• The healing balm of God’s comfort and long vision in the face of my grandmother’s death, and the way he spoke through me to my family at her graveside service. I wrote about that at God Hears Her, too.
  • The long hours spent in awe and wonder with Jesus in the wilderness of national parks and miles and miles of roads on our Out West trip this summer. I want to write about all of that, and maybe I will begin this coming year, or maybe I’ll just wait and let it marinade a while. I haven’t decided.
  • Watching Jesus walk with Brandon through the first six weeks of seminary and the dozens of times the Holy Spirit decided to say the same thing to each of us separately. So spooky! 
  • Being disciplined by the Lord one Sunday morning during a meditation class.
  • Every single time I was moved to tears by every single moment of gratitude and joy in every single day. I have gotten kind of embarrassing to be around. Super gushy. I’m weeping constantly. I don’t think it’s going away.

Looking Ahead to 2023:

When I was praying and thinking over 2023, I thought at first this year might be defined by the verb version of “treasure,” as in “Mary treasured all of these things in her heart.” Lydia will begin her senior year of high school this year, and because of this, I am aware that we are on the precipice of major changes in our home. We will also celebrate our 20th year of marriage this year, and while I don’t know what is in store for us in terms of celebration, I am ready to celebrate this landmark. I’ve been with my husband longer than I have not. 

I want to treasure all of these things.

However, I kind of already do this (see gushy, weepy, grateful blob comment above), so maybe “treasure” isn’t the right word. 

This morning, I read Richard Rohr’s email for the start of the new year, about his theme of “The Prophetic Path.” In it, Rohr writes:

“We’re going to use the meditations this year to try to illustrate that the Christian way is a prophetic path… There is a third way beyond fight or flight, conservative or liberal, and it probably is a way of ‘kneeling.’ Most people would just call it ‘wisdom,’ which is always distinguished from mere intelligence. It demands a transformation of consciousness and a move beyond the dualistic win/lose mind.”

Ah ha! Kneel. This is the word the Lord has for me in 2023. I felt a leap in my heart and goosebumps rise when I landed on it. 

I’ve been granted several new leadership roles in 2023, serving on the regional leadership team for the Brethren denomination and serving as the moderator for our local church. These roles are a little intimidating and a little exciting at the same time. I am glad to be trusted with the responsibilities of these roles, but I also sense the burden and deep desire I have to lead well, to live up to any expectations for wisdom and discernment.

How can I do that? By kneeling.

A man with leprosy came and knelt before Jesus. A synagogue leader came and knelt before Jesus. Jesus knelt down and prayed for God’s will to be done in him.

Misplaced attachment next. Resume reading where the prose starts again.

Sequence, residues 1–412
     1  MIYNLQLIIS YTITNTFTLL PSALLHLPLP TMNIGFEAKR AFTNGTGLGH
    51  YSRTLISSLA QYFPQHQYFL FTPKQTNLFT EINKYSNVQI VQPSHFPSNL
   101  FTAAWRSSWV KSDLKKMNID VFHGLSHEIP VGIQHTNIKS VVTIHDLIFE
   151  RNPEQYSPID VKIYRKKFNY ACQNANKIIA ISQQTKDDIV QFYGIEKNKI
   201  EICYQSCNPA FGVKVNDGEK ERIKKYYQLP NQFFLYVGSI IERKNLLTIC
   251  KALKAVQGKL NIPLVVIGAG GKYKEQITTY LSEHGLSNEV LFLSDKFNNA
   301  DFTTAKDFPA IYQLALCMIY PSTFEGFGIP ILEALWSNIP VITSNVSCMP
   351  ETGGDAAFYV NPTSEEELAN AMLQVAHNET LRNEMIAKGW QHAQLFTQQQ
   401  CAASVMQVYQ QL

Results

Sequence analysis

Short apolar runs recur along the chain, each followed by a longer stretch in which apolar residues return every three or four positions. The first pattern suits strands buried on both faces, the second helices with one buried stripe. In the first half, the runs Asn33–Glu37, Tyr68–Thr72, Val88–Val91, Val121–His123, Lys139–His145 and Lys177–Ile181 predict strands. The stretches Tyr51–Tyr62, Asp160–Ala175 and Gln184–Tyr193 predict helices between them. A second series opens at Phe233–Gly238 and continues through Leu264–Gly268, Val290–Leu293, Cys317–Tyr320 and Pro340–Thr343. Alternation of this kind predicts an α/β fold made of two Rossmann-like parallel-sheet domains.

The kneeling posture is one of submission. It is a posture of prayer. It is a posture of hope. It is a posture of expectant waiting.

Kneeling makes my knees ache. My feet often fall asleep when I kneel. I am a woman of a certain age, an age that sometimes requires preparation and assistance in order to stand from kneeling. Can you give me a hand? Kneeling reminds me of my mortality, of my dependence on others, of the time and energy that is necessary prior to making big decisions.

The temptations of leadership and authority are to charge ahead, to make grand plans, to leap into the what comes next. I could do that. I am a great strategist and planner—I can justify and implement whatever schemes we can dream of. But before there is a strategy, before there is a plan, there has to be a vision, and as a follower of Christ, vision comes through submission to the Lordship of Christ.

I think it will be important for me to kneel this year. I think it will be important to submit to the authority of the Lord I love who loves me, who seems to have grand plans and is doing new things, who has invited me into these spaces, who has disciplined me back from my own scheming ways into his faith, his joy, his provision, and his peace. 

Jesus knelt in prayer, listening for the word of the Father, and then he said to go and do likewise. Jesus knelt to wash his disciples’ feet and then told them to go and do likewise. I want to sit open and ready for whatever God has for me, kneeling at his feet, kneeling at the feet of others, listening and preparing to serve.

Resolutions for 2023:

I have some other resolutions for 2023. I probably won’t meet or keep all of them, but I will do my best to use them to walk in the direction of the light.

  • Read 52 books. What the heck, let’s go big and stay home and read all the books.
  • Reestablish an exercise routine. Practice yoga at least once a week, and walk or go to the gym at least three times a week.
  • Visit and explore one new place on the globe.
  • Do something wonderful with my husband for our 20th anniversary.
  • Keep seeking an agent for Some Bright Morning.
  • Incorporate some of the “little joys” from December into my second essay collection and revise it some more.
  • Complete a first draft of my second novel.
  • Ponder and maybe begin writing a road trip memoir.
  • Maintain Scripture reading daily and add in more time for meditation.
  • Be present for my children in their moments of need, their moments of joy, and their moments of flight.
  • Be a vessel of shalom for the people in my life.

Thanks for hanging in here and journeying with me through this vast and miraculous place. Isn’t it wonderful?

Photo by Pixabay:

Little Joys—Books